May 12, 2021


Each EmpowerED 3.2.1 features a brief summary of my musings about and
learning from multiple disciplines as they apply to leadership in education.


Year-End Tips for Maximizing Online Learning


When I overheard my son talking with his (remote) classmates about some of their challenges with online school, they spoke about where to find the hyperdoc for history; whether or not the science project was to be emailed or posted; and how different each teacher is in his/her expectation for office hours and advisory period. I now teach adult learners who can face the same challenges as these middle schoolers. We should all continue to try to build our skillfulness with online teaching and learning. Given that, I synthesized a few big ideas that can make the remote learning environment run more smoothly and more productively for you and your learners big and small, child and adult. 


3 Big Ideas

  1. Continue to Plan Engaging Learning Experiences.
    Paula Rutherford has always said, “The best classroom management plan is a strong instructional program.” No kidding! This has never been truer then in today’s remote and hybrid learning environments. For years, I have planned learning for young students, faculty meetings, and university students using the backward-planning model or Understanding by Design (UBD) made popular by Grant Wiggins and Jay McTighe. In a nutshell, the method has three inter-related and important and sequential steps. Step 1: Identify what is important for students to know and be able to do. These are your state standards, district guides, faculty meeting objectives, or university course outlines. Step 2: Determine how you and the students will know if the desired learning has occurred. Assessments should be formative and summative, varied and rigorous. Step 3: Identify the learning experiences will you use to guide the learners to successful understanding. Like you, I have discovered that I am much more deliberate about planning in this remote setting and my clarity is critical to learner success. I do have some old favorites I use in Steps 2 and 3 that adapt well for remote instruction: text rendering, jigsaw, problem of practice, Think-Pair-Share, clock buddies, fishbowl conversations, Numbered Heads Together, and exit tickets work really well. If you need a primer on UBD, check out “Understanding by Design,” from Vanderbilt Center for Teaching by Ryan Bowen for a refresh, tips, templates, and tools.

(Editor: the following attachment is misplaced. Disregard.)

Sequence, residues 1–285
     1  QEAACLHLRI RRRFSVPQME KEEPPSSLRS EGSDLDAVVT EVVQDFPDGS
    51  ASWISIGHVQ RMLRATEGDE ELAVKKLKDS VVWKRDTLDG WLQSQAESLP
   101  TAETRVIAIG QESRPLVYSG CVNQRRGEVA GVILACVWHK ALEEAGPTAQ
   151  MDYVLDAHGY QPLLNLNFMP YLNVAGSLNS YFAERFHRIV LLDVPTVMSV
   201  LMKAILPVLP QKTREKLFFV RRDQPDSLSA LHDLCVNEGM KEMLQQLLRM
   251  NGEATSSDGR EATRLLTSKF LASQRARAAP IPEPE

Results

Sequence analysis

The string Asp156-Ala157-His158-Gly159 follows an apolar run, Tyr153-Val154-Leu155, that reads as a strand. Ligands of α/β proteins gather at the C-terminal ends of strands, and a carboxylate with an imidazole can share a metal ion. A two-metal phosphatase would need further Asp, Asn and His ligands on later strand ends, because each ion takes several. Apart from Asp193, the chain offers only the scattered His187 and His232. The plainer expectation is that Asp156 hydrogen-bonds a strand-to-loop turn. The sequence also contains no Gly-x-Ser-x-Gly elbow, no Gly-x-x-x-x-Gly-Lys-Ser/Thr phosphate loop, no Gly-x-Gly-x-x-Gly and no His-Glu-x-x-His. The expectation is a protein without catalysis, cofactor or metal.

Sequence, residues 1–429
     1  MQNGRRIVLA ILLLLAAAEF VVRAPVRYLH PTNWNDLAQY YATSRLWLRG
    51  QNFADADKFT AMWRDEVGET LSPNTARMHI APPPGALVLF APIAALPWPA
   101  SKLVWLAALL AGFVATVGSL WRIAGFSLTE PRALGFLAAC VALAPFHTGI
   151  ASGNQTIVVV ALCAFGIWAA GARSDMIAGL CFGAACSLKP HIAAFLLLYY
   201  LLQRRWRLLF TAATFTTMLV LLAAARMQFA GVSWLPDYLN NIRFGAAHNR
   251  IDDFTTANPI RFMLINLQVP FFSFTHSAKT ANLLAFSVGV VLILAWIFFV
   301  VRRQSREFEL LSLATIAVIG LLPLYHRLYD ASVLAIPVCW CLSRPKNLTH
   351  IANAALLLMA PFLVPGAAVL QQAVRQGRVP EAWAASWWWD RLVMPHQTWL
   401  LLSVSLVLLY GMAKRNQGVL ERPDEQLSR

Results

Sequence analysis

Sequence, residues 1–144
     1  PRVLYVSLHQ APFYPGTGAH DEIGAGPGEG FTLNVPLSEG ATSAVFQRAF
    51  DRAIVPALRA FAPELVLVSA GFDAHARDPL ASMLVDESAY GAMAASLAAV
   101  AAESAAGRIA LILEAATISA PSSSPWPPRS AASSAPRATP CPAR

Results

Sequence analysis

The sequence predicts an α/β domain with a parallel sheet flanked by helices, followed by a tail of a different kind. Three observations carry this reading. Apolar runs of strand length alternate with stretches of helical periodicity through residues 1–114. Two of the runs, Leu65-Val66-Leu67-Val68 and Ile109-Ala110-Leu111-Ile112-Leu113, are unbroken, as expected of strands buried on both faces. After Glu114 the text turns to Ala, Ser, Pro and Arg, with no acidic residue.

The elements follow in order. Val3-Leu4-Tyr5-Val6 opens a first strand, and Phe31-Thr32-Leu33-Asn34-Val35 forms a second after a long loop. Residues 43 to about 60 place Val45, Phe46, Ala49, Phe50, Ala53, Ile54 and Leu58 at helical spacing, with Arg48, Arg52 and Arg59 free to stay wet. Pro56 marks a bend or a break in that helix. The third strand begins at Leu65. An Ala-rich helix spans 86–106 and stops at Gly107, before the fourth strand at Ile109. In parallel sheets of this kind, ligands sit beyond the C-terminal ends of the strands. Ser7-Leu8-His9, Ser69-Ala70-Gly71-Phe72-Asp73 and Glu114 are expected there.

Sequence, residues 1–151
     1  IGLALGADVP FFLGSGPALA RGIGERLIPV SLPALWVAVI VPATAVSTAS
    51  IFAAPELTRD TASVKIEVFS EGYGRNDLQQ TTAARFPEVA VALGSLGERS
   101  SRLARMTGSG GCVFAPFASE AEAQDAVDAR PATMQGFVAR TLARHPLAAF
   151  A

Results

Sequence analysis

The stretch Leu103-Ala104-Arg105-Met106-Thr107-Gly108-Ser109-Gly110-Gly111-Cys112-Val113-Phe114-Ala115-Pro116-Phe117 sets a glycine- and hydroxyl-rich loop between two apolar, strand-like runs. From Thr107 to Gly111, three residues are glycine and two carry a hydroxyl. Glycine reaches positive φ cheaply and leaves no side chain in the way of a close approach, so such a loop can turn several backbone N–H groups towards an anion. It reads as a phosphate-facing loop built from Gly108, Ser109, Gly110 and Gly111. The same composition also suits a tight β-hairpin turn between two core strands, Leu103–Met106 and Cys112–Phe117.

2. Review Procedures and Processes to Ensure That They Minimize Distractions and Keep Everyone Organized.